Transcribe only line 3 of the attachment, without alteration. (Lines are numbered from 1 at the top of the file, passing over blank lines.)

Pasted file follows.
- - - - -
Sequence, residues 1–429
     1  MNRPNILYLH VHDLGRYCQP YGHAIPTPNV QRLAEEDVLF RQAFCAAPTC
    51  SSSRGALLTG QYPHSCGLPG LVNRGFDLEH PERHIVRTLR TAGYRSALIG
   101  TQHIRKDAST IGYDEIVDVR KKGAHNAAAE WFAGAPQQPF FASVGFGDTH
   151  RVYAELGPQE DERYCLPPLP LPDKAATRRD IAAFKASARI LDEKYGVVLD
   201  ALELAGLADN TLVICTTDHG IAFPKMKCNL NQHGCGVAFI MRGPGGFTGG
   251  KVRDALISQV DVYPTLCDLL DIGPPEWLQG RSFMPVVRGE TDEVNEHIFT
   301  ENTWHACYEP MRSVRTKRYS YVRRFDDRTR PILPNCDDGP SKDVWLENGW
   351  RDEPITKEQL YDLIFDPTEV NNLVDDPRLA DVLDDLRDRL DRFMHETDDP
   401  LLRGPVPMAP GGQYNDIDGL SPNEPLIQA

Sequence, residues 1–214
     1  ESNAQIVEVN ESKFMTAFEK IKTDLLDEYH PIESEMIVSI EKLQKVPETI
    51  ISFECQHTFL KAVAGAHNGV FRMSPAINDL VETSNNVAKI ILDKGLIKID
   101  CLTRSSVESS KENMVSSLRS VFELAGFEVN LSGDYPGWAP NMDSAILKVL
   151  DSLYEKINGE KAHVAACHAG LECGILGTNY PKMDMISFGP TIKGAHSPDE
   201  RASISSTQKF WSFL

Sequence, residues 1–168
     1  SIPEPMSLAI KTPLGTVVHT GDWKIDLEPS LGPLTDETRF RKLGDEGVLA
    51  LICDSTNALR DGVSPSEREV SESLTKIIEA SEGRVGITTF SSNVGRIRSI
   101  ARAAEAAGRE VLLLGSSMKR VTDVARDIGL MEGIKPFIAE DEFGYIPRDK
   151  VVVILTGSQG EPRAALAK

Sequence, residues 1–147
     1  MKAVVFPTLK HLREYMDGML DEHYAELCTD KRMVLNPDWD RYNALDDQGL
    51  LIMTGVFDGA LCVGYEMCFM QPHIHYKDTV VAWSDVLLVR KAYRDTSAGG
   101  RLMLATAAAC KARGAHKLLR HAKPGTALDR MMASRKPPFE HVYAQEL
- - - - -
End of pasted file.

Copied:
    51  SSSRGALLTG QYPHSCGLPG LVNRGFDLEH PERHIVRTLR TAGYRSALIG